Japan Geoscience Union Meeting 2016

Presentation information


Symbol H (Human Geosciences) » H-CG Complex & General

[H-CG26] Interdisciplinary approach to earth's changing surface

Sun. May 22, 2016 5:15 PM - 6:30 PM Poster Hall (International Exhibition Hall HALL6)

Convener:*Naofumi Yamaguchi(Center for Water Environment Studies, Ibaraki University), Hajime Naruse(Department of Geology and Mineralogy, Graduate School of Science, Kyoto University), Koji Seike(Atmosphere and Ocean Research Institute, University of Tokyo), Hideko Takayanagi(Institute of Geology and Paleontology, Graduate School of Science, Tohoku University), Masayuki Ikeda(Shizuoka University)

5:15 PM - 6:30 PM

[HCG26-P08] A rationale of shoreline autoretreat provided by the grade index model

*Tetsuji Muto1, Hajime Naruse2 (1.Department of Environmental Science, Nagasaki University, 2.Graduate School of Science, Kyoto University)

Keywords:deltas, shoreline autoretreat, grade index, sea level rise, nonequilibrium response

The dynamics of delta distributary channels can be intensely affected by basin water depth in front of the delta, particularly in terms of a long time scale. The previous experiments conducted in use of tank facilities suggest that with deeper basin water, delta distributary channels have lower rates of alluvial aggradation and lateral migration. If the delta faces very deep water, the channels attain alluvial grade and are stabilized in a particular position in the delta plain. This effect of basin water depth can be numerically expressed with grade index (Gindex), which ranges between 0 (perfect alluvial aggradation) and 1 (alluvial grade). Given basin water depth (h), delta plain radius (x) and alluvial slope (Sa), we define dimensionless basin water depth as h*=h/Sax. Assuming a set of particular geometrical conditions that (1) the basin floor is flat and horizontal, (2) the delta is always attached with a vertical wall on the back, and (3) base level is stationary, grade index is given as Gindex=(1+2h*+Sa*h*2)-1, where Sa* is alluvial slope normalized with the delta’s foreset slope Sf (i.e. Sa*=Sa/Sf).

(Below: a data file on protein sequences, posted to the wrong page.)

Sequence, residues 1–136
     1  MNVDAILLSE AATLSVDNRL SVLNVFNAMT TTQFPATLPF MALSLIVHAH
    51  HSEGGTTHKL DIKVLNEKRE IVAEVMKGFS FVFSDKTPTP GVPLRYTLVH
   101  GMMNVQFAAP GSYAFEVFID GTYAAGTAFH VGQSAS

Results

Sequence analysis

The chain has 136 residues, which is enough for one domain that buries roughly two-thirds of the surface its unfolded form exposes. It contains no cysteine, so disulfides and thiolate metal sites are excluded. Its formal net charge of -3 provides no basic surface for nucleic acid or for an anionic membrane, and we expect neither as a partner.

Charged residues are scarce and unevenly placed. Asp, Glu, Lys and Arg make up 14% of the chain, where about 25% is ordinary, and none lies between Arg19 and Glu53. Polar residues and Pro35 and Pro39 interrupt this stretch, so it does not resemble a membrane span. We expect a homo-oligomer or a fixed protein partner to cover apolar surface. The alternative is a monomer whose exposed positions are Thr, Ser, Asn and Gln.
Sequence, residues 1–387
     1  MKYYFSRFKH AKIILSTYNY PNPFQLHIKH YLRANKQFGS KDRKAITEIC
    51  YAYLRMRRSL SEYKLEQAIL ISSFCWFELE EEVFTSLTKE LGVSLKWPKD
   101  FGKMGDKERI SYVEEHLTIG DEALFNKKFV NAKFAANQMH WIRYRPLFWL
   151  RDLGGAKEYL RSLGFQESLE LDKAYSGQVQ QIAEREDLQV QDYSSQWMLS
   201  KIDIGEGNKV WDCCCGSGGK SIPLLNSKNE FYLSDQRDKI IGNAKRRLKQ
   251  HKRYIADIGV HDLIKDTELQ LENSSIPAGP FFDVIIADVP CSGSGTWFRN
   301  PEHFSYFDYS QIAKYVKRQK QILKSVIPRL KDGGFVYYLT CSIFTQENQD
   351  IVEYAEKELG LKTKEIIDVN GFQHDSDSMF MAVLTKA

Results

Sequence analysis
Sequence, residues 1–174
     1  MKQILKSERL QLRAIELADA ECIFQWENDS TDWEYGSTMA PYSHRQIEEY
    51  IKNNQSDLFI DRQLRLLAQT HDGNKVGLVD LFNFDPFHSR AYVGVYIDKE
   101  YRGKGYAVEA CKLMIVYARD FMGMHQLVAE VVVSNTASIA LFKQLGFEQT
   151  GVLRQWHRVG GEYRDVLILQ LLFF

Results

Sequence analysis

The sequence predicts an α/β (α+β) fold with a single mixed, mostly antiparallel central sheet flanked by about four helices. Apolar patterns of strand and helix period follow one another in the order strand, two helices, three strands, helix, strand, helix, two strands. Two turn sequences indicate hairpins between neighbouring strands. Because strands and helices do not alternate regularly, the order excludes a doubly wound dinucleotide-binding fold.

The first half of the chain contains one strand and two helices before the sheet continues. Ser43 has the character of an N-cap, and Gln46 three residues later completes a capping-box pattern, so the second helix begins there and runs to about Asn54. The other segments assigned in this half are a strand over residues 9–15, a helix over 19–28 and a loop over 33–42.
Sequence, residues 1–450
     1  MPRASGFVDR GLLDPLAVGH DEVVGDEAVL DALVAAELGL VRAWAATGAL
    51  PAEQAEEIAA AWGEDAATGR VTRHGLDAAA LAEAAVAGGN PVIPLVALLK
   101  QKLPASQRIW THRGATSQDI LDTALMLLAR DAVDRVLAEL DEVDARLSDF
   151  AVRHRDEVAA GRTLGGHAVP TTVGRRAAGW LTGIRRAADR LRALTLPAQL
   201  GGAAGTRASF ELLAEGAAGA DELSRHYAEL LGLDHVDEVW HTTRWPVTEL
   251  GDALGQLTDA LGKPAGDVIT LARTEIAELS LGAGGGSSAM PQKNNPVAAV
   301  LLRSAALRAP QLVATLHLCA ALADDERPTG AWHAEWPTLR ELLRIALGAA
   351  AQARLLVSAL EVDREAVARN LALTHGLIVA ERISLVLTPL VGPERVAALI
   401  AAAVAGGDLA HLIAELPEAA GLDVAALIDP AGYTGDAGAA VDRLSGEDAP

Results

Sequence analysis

In a hypothetical setting where (1) base level rises at a constant rate (i.e. h also increases in proportion to time), (2) the entre sediment supplied from the outside of the system is constant (rate Qs) and accumulates as part of the delta, and (3) the delta’s angle parameters are always retained constant, time derivative of the delta’s volume V(x,h) is equal to Qs. Based on this relation, easy calculation leads to a dimensionless progradation rate (Rpro*) of the delta: Rpro*=(1-AB*)Gindex, where AB* is the delta’s bottom surface area that is made dimensionless with autostratigraphic 3D length scale L3D. It follows that shoreline autoretreat starts when AB* exceeds unity. By a similar procedure, we find that the dimensionless rate of alluvial aggradation (Ragg*) is given by: Ragg*=A*+(1-AB*)Gindex, where AB* is the delta plain’s horizontal cross section area that is made dimensionless with autostratigraphic 3D length scale (L3D). When the retreating shoreline arrives at the back wall, alluvial plain disappears and the entire depositional system is drowned (autodrowning). At this critical moment, Gindex=0 and A*=0, thus Ragg*=0.
The argument above brings a proposition that the shoreline autoretreat-autodrowning sequence, as a non-equilibrium response of the delta to steady sea level rise, is closely related to grade index. This sequence is due to the delta’s progressive expansion and increasing basin water depth (i.e. sea level rise), and thus clearly related to grade index. The grade index model provides a novel rationale for the occurrence of the autoretreat-autodrowning sequence.